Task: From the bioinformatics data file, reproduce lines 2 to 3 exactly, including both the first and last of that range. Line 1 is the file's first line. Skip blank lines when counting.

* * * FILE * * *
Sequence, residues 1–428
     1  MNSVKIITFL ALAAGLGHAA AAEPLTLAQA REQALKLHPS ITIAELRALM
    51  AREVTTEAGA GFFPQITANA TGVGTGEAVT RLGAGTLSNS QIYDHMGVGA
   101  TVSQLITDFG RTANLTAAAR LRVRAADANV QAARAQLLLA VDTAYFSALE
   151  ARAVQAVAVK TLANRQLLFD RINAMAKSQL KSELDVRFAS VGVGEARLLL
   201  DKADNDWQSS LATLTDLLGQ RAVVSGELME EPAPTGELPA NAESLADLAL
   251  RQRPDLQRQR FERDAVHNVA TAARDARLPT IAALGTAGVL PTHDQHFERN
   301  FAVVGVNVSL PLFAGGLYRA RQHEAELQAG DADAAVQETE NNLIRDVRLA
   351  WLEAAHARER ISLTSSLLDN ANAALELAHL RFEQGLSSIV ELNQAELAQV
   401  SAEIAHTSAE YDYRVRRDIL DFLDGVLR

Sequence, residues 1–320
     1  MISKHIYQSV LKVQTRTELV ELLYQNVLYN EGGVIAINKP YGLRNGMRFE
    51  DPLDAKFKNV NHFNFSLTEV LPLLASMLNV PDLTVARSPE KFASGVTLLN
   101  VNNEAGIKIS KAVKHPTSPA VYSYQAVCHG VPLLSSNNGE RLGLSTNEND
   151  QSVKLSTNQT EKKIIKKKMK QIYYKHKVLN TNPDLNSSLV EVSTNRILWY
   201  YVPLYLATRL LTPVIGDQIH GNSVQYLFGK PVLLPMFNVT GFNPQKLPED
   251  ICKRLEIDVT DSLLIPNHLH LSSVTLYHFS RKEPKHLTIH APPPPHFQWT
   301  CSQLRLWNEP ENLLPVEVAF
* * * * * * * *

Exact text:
     1  MNSVKIITFL ALAAGLGHAA AAEPLTLAQA REQALKLHPS ITIAELRALM
    51  AREVTTEAGA GFFPQITANA TGVGTGEAVT RLGAGTLSNS QIYDHMGVGA